Industry Updates

Space exploration ETF from newcomer Procure

David Tuckwell

a colorful nebula in space

Procure AM, an ETF newcomer headed up Bob Tull, one of the godfathers of the US ETF industry, is listing a new product that will surely rank among the most interesting of 2018. The Procure Space ETF (UFO) will track an index from the boutique index house

S-Network Space Index

. The fund will invest in "companies that receive at least 50% of their revenue or profits from one or more segments of the space industry," the prospectus says.

The index is designed to measure the performance of companies engaged in space-related industries, including:

(a) telecommunications, television and radio broadcasting,

(b) rocket and satellite manufacturing and operation,

(c) ground equipment manufacturing used with satellite systems,

(d) space technology and hardware, and

(e) space-based imagery and intelligence services.

Companies of any size and from all over the world are chosen. However, US companies will typically take up most of the weight of the index. The index uses a modified market cap weighting scheme that allows for weighting adjustments to be made based on how much money companies make from space-related activities. The index is rebalanced quarterly.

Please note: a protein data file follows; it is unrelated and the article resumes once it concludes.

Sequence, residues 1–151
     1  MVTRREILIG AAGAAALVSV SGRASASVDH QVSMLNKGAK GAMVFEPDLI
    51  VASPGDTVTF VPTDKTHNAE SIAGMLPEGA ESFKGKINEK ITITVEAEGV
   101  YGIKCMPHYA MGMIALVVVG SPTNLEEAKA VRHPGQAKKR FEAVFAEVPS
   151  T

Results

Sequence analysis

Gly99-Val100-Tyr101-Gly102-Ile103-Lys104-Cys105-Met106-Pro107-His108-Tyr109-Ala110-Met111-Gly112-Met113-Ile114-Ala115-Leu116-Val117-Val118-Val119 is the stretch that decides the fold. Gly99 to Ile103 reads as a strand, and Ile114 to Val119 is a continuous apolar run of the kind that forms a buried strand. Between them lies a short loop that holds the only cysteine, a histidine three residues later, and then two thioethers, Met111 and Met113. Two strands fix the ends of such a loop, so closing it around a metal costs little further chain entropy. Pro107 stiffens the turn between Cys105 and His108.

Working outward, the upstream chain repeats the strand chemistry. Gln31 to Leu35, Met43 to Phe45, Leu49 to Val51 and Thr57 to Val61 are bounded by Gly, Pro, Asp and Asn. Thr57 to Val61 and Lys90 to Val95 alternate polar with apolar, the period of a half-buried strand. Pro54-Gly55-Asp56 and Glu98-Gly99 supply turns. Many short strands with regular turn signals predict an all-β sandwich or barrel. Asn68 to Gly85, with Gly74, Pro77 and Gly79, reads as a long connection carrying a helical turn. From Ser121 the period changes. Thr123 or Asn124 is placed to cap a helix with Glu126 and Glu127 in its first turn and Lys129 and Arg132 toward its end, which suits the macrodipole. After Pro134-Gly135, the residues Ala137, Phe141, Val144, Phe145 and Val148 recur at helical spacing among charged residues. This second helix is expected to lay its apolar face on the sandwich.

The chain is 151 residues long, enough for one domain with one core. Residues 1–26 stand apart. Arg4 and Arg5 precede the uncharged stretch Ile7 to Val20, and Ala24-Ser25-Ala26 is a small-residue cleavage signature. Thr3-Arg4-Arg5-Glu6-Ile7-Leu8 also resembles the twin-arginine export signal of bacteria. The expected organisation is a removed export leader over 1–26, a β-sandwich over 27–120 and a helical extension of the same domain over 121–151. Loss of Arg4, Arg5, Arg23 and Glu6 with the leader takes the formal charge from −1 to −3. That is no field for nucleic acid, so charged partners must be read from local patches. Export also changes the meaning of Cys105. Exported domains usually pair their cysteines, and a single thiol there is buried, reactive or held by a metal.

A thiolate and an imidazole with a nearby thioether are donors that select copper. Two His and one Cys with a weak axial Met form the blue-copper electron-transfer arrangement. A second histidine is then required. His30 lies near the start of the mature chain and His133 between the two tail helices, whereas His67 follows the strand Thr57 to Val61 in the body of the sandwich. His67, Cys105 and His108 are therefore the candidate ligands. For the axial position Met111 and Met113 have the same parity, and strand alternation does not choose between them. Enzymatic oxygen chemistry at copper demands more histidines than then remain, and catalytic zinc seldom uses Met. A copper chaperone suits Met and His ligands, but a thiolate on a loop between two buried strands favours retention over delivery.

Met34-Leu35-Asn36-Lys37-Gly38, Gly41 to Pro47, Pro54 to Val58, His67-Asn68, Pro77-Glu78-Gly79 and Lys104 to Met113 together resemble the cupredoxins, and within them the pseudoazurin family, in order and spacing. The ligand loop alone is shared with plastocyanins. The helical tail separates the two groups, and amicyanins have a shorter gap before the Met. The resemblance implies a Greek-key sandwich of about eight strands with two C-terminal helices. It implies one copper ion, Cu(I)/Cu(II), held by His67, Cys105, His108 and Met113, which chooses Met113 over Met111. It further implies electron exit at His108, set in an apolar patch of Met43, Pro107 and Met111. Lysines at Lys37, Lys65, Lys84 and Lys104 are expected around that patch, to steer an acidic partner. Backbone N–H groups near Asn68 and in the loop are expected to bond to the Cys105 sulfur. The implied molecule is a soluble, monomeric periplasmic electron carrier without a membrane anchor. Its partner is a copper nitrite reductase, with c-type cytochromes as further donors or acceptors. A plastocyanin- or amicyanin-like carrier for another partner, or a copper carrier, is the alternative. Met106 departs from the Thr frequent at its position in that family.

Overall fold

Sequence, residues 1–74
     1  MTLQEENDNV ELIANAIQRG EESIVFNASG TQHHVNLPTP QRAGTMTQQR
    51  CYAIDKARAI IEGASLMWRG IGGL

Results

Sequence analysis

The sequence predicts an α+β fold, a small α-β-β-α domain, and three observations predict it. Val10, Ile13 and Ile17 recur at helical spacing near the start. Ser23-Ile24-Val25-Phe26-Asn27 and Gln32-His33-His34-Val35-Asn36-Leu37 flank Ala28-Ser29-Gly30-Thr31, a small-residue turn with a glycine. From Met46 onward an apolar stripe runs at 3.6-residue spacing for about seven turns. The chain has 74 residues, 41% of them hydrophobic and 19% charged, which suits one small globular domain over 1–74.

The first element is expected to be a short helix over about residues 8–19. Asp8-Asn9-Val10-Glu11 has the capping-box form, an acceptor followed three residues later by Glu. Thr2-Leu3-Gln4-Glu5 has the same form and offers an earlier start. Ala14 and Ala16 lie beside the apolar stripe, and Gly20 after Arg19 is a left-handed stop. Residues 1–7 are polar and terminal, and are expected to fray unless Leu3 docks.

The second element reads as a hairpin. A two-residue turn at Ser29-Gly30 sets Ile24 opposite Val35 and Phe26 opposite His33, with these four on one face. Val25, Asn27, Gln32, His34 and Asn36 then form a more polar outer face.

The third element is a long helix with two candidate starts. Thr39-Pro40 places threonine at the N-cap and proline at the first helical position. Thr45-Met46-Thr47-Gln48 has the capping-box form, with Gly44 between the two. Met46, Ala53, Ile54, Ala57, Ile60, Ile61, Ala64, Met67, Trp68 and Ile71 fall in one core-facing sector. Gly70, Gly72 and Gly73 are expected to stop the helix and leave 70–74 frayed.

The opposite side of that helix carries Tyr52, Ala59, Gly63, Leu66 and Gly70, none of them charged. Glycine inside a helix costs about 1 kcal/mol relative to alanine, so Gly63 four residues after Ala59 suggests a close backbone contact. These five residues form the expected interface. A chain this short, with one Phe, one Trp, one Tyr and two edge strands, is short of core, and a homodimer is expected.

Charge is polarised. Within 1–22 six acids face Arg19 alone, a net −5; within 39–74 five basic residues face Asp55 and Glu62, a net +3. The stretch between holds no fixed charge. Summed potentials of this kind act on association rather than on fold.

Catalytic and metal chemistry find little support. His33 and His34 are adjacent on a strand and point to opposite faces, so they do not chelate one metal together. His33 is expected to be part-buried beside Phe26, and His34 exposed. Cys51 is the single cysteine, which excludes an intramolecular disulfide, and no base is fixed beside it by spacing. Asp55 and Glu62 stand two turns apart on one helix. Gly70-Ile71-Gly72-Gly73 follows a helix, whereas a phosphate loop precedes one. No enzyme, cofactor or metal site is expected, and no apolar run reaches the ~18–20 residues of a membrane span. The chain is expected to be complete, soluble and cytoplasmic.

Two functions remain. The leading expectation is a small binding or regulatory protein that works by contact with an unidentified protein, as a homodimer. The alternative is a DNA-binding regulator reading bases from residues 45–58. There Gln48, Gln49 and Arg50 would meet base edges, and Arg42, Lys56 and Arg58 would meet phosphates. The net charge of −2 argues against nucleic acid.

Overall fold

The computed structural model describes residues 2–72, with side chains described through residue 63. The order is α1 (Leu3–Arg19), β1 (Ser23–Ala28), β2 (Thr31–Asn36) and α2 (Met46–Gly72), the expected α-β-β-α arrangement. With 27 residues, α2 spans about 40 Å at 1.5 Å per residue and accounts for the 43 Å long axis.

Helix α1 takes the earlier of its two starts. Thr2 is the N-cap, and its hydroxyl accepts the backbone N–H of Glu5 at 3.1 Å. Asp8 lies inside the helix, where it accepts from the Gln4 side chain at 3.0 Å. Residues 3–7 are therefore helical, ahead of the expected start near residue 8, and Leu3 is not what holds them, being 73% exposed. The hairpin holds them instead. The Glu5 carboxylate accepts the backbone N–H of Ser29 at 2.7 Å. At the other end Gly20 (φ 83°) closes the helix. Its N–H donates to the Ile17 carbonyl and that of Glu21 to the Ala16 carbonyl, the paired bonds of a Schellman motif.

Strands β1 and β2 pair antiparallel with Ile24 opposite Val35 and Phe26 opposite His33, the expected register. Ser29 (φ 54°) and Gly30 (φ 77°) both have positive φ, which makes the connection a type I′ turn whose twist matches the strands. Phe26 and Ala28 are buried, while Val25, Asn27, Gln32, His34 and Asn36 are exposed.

Interestingly, the fund's prospectus states that UFO will eventually invest in new industries like lunar bases and space colonies; asteroid mining and resource extraction; the militarising of space; and space tourism.

UFO will charge 0.75%.


Analysis - one small step for thematics

Investing in space is an interesting idea. While space exploration, militarisation, and the rest are not directly commercialised at present a lot of interesting inventions have been thrown out of space exploration. These include: memory foam, freeze-dried food, firefighting equipment, emergency blankets, artificial limbs - and many more. (See the Wikipedia page on NASA technology spinoffs). While it's hard to know if the index UFO tracks will capture this spinoff tech it certainly seems worthwhile to try.

Still, one gets the impression this is a very forward-looking ETF. While new technologies targeting outer space - like asteroid harvesting and setting up lunar bases - are being developed, they're still a long way away. Which may mean that UFO is not a product for investors with a two-year view, but instead a product for investors with a 20-year view. The long horizon makes this one of the bravest - and most interesting - thematic ETFs we've seen.

If nothing else, this fund is sure to win's ticker of the year award.


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